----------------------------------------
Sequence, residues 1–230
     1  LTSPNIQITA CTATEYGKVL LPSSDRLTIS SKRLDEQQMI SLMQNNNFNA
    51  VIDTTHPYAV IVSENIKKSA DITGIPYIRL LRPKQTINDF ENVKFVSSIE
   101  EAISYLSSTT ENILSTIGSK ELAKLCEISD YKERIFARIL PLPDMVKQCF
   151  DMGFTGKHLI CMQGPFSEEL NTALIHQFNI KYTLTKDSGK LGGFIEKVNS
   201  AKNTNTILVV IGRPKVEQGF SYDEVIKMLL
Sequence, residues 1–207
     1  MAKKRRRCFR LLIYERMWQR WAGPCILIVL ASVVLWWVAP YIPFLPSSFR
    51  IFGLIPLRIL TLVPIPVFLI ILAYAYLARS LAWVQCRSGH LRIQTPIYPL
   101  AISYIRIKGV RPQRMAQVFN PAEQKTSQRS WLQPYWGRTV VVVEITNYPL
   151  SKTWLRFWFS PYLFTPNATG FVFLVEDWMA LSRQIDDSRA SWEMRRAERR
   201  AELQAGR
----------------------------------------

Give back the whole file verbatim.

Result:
Sequence, residues 1–230
     1  LTSPNIQITA CTATEYGKVL LPSSDRLTIS SKRLDEQQMI SLMQNNNFNA
    51  VIDTTHPYAV IVSENIKKSA DITGIPYIRL LRPKQTINDF ENVKFVSSIE
   101  EAISYLSSTT ENILSTIGSK ELAKLCEISD YKERIFARIL PLPDMVKQCF
   151  DMGFTGKHLI CMQGPFSEEL NTALIHQFNI KYTLTKDSGK LGGFIEKVNS
   201  AKNTNTILVV IGRPKVEQGF SYDEVIKMLL
Sequence, residues 1–207
     1  MAKKRRRCFR LLIYERMWQR WAGPCILIVL ASVVLWWVAP YIPFLPSSFR
    51  IFGLIPLRIL TLVPIPVFLI ILAYAYLARS LAWVQCRSGH LRIQTPIYPL
   101  AISYIRIKGV RPQRMAQVFN PAEQKTSQRS WLQPYWGRTV VVVEITNYPL
   151  SKTWLRFWFS PYLFTPNATG FVFLVEDWMA LSRQIDDSRA SWEMRRAERR
   201  AELQAGR